Though he is happy with his life, there are things that Lou would like to change. He doesn’t want to have to check in with his psychologist every year. He would like to not freeze up whenever someone is angry at him. He would like to not have to spend time deciphering people’s metaphors and expressions during a conversation. But is that enough to make him want to change who he is?
One of the most compelling things about The Speed of Dark is that it’s mostly told from Lou’s perspective. As often as autism shows up in the news, it’s rare that stories from people with autism are actually told. The news, for example, seems so intent on focusing on the ‘rampant occurrence of autism and the hunt for a cure’ that it neglects the fact that many people with autism lead perfectly happy and productive lives. They’re not looking for a cure, they’re looking for understanding and acceptance- the same thing that Lou is looking for.
In The Speed of Dark, Lou’s perspective is crystal clear. He explains why patterns fascinate him, why listening to particular pieces of classical music help him think, and why he is so attracted to Marjory. It’s the rest of the world, the ‘normal’ people who are baffling. Why do they assume Lou can’t read or understand things? Why do they lie? Why are they offended by honest answers?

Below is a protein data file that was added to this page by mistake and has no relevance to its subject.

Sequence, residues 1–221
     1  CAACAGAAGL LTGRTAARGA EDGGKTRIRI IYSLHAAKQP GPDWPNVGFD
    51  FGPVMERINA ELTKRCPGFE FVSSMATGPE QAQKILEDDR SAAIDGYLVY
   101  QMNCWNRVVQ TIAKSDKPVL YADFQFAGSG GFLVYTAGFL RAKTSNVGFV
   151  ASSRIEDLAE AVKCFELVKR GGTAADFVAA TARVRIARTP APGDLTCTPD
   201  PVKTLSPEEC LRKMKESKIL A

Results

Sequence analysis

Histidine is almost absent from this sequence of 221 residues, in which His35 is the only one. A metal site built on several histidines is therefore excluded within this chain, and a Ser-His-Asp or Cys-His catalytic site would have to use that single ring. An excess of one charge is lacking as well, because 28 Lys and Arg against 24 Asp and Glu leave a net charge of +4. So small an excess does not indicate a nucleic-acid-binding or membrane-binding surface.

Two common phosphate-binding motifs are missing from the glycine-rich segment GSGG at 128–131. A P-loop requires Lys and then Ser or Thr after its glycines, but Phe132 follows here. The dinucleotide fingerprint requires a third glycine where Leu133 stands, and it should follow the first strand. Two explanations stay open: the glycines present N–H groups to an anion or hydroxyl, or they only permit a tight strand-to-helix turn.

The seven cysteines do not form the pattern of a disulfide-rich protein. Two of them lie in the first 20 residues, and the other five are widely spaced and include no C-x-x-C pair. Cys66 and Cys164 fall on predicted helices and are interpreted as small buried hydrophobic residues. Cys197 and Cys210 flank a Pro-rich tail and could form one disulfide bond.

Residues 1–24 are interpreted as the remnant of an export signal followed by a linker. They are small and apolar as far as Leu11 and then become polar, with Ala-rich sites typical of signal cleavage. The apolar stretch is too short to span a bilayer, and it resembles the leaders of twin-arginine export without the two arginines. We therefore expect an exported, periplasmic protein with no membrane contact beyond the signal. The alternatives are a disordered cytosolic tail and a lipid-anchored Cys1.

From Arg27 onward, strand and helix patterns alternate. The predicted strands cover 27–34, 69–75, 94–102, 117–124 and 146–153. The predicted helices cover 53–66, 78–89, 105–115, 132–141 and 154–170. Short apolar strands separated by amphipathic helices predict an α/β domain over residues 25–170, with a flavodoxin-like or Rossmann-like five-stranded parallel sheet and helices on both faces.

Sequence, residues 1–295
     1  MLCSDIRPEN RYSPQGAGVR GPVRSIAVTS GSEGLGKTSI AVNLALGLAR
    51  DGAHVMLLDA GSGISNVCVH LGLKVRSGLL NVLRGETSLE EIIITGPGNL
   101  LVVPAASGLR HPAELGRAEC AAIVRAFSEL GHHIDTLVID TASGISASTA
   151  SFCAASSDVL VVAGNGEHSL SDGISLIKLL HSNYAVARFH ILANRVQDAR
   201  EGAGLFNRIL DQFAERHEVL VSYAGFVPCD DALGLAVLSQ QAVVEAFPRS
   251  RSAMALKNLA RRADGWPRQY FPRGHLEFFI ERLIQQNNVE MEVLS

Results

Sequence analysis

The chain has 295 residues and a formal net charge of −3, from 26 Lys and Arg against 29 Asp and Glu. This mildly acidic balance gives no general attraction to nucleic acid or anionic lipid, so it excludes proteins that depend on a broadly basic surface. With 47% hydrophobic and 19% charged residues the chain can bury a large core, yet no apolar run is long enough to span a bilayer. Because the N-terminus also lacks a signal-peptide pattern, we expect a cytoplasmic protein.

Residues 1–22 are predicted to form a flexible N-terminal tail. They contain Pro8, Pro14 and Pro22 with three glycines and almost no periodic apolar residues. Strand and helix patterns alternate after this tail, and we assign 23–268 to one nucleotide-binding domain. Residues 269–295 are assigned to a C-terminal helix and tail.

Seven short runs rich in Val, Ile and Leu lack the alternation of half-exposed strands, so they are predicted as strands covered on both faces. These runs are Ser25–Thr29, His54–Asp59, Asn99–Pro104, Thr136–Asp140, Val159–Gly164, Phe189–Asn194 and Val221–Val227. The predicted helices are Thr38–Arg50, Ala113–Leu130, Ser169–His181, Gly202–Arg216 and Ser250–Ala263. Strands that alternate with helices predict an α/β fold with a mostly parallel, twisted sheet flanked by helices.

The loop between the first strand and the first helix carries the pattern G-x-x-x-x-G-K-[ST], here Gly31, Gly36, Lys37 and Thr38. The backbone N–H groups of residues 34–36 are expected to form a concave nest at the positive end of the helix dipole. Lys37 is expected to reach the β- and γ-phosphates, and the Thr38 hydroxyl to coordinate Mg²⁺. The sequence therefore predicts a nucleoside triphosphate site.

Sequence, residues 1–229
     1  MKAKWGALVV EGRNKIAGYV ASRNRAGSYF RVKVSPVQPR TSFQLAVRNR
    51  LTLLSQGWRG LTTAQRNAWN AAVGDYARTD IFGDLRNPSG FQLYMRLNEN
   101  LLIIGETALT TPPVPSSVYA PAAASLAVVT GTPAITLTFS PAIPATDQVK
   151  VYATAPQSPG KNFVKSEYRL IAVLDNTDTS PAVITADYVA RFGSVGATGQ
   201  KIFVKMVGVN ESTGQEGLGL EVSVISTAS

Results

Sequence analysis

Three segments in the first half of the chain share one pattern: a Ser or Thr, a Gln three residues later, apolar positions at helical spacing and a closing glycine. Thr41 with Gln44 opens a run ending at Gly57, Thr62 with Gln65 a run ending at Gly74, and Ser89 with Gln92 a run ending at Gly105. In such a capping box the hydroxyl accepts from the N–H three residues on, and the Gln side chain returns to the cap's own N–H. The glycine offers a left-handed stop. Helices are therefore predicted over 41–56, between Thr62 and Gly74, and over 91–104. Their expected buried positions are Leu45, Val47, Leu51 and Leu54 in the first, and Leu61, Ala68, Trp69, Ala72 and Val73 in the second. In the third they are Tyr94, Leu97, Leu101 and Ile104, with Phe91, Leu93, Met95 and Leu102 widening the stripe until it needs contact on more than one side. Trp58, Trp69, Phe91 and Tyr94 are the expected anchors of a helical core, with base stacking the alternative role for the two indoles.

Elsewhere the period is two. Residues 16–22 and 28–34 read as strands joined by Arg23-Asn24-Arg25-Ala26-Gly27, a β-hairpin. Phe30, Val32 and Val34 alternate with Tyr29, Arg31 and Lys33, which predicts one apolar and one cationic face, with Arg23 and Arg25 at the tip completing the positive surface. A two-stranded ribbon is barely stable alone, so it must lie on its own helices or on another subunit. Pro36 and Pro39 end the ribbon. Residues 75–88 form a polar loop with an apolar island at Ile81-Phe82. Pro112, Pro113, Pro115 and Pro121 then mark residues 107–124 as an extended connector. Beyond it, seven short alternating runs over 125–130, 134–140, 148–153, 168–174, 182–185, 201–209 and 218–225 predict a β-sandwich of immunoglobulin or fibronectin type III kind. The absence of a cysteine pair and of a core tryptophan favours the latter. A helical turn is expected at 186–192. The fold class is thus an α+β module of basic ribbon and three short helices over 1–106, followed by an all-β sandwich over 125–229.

I found Lou’s story to be captivating from the very beginning. His voice is different from nearly every other character I’ve ever read before, but then, there are few autistic voices in literature. Lou is a perfectly well-adjusted human being, just with an alternative view of the world. He and his coworkers, when they are together, are so rational I had to wonder why more people weren’t like them. They were free to not converse with each other if they didn’t want to, or leave a gathering they weren’t comfortable with anymore without offending the others, who understood that sometimes you just want to be left alone. They did not lie to each other or dissemble. “Normal is a dryer setting” they say when people ask if they want to be ‘normal’.
I wish I had heard about The Speed of Dark sooner than I did. It deserves to be read by more people. Lou’s story is an important one, and the questions about what is normal and what is not need to be asked.